Some of the comments I’ve seen on Facebook and elsewhere:-
“Where is the common sense? Isn’t anybody thinking about the cumulative effect of doing this all at once.”
“Is there any road in Wisbech that isn’t at least partially closed?”
“Is there some evil gnome in charge of the Highways Works in Wisbech right now? Somebody who simply enjoys inflicting chaos on the Town while paralysing traffic throughout?”
“What do you mean there’s even more road and bridge closures to come? Are they mad?”
I don’t want to be too tough about all this because these are broadly very necessary works. The new surface on the dual carriageway represents a large investment which Sam Hoy, Simon King and I fought hard for about 18 months ago and were proud to have secured. The additional flood defences were mostly the work of Cllr Hoy – who spent a lot of time pushing for better defences for Wisbech North (back when it was an unpopular policy and opponents were claiming it was a waste of money. Before the flood defences clearly rescued the town from the sort of problems other parts of the country are having right now.) All this work represents investments in the repair and rejuvenation of the town’s infrastructure and should be welcomed.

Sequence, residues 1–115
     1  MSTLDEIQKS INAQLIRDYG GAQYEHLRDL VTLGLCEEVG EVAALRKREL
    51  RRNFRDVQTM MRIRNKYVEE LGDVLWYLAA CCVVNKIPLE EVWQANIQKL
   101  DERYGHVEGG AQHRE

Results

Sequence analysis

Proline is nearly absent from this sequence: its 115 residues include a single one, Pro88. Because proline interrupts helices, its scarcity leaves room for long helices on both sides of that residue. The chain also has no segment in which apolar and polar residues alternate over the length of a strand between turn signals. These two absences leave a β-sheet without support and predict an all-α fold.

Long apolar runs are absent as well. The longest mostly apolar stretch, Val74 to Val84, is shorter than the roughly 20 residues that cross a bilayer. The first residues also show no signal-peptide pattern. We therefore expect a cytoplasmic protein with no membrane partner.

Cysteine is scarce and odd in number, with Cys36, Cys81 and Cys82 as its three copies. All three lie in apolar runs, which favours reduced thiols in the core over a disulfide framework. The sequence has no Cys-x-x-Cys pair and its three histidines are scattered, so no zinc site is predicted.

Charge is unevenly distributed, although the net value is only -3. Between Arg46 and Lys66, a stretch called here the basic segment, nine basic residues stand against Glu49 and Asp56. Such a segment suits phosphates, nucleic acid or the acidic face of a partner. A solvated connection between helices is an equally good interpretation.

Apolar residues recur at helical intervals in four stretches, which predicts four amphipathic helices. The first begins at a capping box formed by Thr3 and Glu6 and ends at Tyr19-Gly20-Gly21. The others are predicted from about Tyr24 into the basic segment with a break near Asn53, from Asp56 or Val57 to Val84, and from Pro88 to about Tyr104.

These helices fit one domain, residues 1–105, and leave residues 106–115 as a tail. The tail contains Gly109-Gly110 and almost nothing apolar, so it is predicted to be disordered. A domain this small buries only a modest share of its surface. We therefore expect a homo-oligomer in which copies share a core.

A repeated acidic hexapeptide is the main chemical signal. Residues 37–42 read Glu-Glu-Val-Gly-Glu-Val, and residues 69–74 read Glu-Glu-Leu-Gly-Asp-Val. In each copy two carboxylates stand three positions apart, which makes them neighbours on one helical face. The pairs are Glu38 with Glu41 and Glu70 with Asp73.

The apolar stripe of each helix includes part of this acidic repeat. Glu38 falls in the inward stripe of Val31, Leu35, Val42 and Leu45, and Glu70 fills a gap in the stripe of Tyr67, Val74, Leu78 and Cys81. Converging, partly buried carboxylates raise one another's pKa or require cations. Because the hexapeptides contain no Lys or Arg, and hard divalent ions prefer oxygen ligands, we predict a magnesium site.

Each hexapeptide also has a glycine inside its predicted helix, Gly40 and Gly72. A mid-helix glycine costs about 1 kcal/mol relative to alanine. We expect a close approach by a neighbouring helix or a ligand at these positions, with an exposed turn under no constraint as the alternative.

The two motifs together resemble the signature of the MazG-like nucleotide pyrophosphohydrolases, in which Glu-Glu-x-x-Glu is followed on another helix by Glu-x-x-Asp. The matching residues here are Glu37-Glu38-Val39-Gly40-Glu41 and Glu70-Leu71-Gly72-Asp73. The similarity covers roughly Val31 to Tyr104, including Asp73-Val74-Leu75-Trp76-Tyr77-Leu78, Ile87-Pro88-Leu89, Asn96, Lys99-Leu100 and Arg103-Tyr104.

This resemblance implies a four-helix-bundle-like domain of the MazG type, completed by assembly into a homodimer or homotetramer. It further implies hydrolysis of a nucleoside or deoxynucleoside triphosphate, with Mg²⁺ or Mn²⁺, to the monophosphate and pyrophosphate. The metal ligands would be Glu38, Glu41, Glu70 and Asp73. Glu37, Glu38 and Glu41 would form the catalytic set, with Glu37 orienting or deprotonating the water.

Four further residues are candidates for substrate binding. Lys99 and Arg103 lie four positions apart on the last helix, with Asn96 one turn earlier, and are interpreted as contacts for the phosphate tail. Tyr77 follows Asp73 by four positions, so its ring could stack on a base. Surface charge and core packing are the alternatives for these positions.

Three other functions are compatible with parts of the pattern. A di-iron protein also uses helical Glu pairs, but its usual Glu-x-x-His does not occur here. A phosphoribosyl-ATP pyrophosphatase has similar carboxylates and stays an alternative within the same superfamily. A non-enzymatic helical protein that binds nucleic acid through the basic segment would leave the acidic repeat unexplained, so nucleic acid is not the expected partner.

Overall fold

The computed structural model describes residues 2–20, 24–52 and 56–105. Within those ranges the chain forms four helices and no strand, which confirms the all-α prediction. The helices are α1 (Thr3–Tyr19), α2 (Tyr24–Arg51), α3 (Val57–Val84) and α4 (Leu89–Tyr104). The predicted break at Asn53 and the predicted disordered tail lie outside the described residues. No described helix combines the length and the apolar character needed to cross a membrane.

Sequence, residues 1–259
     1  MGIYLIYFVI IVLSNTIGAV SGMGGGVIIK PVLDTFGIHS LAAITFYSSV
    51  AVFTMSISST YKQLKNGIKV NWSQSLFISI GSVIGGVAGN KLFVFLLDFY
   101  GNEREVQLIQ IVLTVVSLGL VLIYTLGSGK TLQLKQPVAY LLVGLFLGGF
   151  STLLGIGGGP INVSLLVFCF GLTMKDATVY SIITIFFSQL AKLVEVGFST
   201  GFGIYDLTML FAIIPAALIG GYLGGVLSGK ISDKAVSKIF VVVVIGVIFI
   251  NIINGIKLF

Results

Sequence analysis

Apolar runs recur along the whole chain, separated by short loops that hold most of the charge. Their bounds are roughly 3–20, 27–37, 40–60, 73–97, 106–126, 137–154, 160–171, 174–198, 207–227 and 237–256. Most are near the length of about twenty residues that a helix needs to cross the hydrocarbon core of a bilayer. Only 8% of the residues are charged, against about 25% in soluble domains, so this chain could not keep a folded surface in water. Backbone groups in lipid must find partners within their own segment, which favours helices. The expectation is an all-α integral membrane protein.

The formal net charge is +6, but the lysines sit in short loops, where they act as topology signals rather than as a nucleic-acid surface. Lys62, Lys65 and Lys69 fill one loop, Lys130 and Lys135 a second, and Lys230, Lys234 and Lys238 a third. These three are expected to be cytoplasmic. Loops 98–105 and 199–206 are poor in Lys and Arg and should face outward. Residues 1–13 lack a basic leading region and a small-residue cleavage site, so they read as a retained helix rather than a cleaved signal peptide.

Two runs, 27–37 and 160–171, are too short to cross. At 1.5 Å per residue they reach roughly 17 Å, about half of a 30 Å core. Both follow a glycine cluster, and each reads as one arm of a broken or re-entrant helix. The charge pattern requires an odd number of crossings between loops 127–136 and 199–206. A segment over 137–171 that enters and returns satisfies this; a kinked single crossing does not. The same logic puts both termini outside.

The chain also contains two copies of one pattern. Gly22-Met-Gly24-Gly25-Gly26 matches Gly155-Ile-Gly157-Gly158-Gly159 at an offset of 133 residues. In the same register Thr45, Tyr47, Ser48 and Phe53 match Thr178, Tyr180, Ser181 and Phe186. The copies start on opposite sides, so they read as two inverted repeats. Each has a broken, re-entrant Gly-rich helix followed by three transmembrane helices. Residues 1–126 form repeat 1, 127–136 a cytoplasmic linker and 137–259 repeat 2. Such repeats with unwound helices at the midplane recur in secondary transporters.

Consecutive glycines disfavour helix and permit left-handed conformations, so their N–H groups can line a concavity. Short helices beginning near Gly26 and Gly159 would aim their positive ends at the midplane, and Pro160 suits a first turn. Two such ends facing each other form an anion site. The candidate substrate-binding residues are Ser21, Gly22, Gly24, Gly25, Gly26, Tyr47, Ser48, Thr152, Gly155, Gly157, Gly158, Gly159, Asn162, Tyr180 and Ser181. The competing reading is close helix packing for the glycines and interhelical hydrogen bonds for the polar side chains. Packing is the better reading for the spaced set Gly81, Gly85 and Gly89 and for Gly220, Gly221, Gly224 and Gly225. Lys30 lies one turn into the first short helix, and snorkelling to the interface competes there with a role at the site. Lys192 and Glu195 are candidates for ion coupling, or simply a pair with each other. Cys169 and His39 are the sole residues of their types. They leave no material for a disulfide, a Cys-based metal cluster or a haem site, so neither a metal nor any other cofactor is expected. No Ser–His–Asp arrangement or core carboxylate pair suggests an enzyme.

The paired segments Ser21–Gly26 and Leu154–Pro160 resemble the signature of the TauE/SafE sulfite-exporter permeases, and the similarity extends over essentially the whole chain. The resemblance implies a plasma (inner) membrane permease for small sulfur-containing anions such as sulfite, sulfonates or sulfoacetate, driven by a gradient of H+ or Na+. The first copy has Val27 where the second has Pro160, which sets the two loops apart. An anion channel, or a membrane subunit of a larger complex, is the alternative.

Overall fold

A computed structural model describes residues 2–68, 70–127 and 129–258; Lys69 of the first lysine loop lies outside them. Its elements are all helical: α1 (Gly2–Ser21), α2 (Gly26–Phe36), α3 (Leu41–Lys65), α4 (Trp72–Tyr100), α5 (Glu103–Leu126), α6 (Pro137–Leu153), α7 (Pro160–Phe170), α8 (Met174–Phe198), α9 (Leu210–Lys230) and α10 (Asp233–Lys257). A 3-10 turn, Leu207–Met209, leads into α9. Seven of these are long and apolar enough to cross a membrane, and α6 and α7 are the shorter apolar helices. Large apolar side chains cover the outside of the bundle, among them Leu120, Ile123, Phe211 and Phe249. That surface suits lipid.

But when it takes 30 minutes to cross the town at some times during the day – when cars are queued back half a mile or finding themselves trying to thread their way through diversions to get to somewhere they can see but cannot reach without long detours, you begin to wonder. Did all this have to happen at exactly the same time? Was there some way that the delays and hassle could have been mitigated?
After all we’ve had big roadworks projects before but we’ve seldom seen quite such a lot of gridlock and delay.
So you might ask, what has changed? Whose job is it to bring the local knowledge of the area to officers and planners at the other end of the County? Who should be checking the schedules and work plans to see if there’s any better way to manage them? And has anything changed in the last year or so which might, just might, reflect the chaos we are seeing?